Immediately after its discovery, telescopes around the world, including ESO’s Very Large Telescope in Chile and other observatories around the world were called into action to measure the object’s orbit, brightness, and color. The urgency for viewing from ground-based telescopes was vital to get the best data.

NASA's 2017 highlights: 'Oumuamua trajectory
 NASA’s 2017 highlights: The nominal trajectory of interstellar asteroid A/2017 U1, also known as ‘Oumuamua, as computed based on the observations of October 19, 2017, and thereafter. Note the differing orbits of the planets and this interstellar asteroid.
It is also clearly doing a slingshot maneuver around Sun. In orbital mechanics and aerospace engineering, a gravitational slingshot, gravity assist maneuver, or swing-by is the use of the relative movement (e.g. orbit around the Sun) and gravity of a planet or other astronomical object to alter the path and speed of a spacecraft, typically to save propellant and reduce expense. This, along with its unusual cigar shape, is one of the reasons that researchers looked for extraterrestrial signals on the object (none found). Image: NASA

Combining the images from the FORS instrument on the ESO telescope using four different filters with those of other large telescopes, a team of astronomers led by Karen Meech of the Institute for Astronomy in Hawaii found that ‘Oumuamua varies in brightness by a factor of ten as it spins on its axis every 7.3 hours. No known asteroid or comet from our solar system varies so widely in brightness, with such a large ratio between length and width. The most elongated objects we have seen to date are no more than three times longer than they are wide.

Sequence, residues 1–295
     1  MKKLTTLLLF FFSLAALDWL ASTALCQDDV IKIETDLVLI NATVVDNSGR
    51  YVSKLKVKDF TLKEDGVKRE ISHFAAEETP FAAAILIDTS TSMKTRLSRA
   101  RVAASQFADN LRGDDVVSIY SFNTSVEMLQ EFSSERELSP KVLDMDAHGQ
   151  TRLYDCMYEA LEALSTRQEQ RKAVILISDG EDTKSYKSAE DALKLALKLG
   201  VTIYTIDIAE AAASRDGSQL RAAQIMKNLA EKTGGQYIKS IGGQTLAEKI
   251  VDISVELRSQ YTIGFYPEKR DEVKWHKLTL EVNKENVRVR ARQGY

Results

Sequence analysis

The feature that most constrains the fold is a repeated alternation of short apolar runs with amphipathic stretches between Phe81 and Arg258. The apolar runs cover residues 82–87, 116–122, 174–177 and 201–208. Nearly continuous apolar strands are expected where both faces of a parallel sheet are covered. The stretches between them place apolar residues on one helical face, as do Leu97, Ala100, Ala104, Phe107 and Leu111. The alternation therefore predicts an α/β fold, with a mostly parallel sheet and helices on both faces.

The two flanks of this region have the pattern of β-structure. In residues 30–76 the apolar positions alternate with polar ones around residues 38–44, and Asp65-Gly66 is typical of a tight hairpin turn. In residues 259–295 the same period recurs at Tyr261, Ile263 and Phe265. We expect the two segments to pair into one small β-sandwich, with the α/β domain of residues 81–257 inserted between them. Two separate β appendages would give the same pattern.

“This unusually big variation in brightness means that the object is highly elongated: about ten times as long as it is wide, with a complex, convoluted shape,” said Meech. “We also found that it had a reddish color, similar to objects in the outer solar system, and confirmed that it is completely inert, without the faintest hint of dust around it.”

These properties suggest that ‘Oumuamua is dense, comprised of rock and possibly metals, has no water or ice, and that its surface was reddened due to the effects of irradiation from cosmic rays over hundreds of millions of years.

James Webb Space Telescope

NASA’s James Webb Space Telescope (JWST) completed its final phase of cryogenic testing – an important milestone in the telescope’s journey to the launch pad. NASA has described JWST as the scientific successor to the Hubble Space Telescope, but not a replacement, because the capabilities are not identical. JWST will have the ability to see high-redshift objects, typically both older and farther away than previous instruments could assess. The telescope is named after James E. Webb (October 7, 1906 – March 27, 1992), the second administrator of NASA, who played an integral role in the Apollo program.

It is being developed in coordination between NASA, the European Space Agency, and the Canadian Space Agency. It is scheduled to launch in 2019 and will be located near the Earth-Sun L2 Lagrangian point. Notes 1

JWST’s capabilities will enable a broad range of investigations across the fields of astronomy and cosmology. One particular goal involves observing some of the most distant events and objects in the universe, such as the formation of the first galaxies. These types of targets are beyond the reach of current ground and space-based instruments. Some other goals include understanding the formation of stars and planets, and direct imaging of exoplanets and novas.

NASA Builds its Next Mars Rover Mission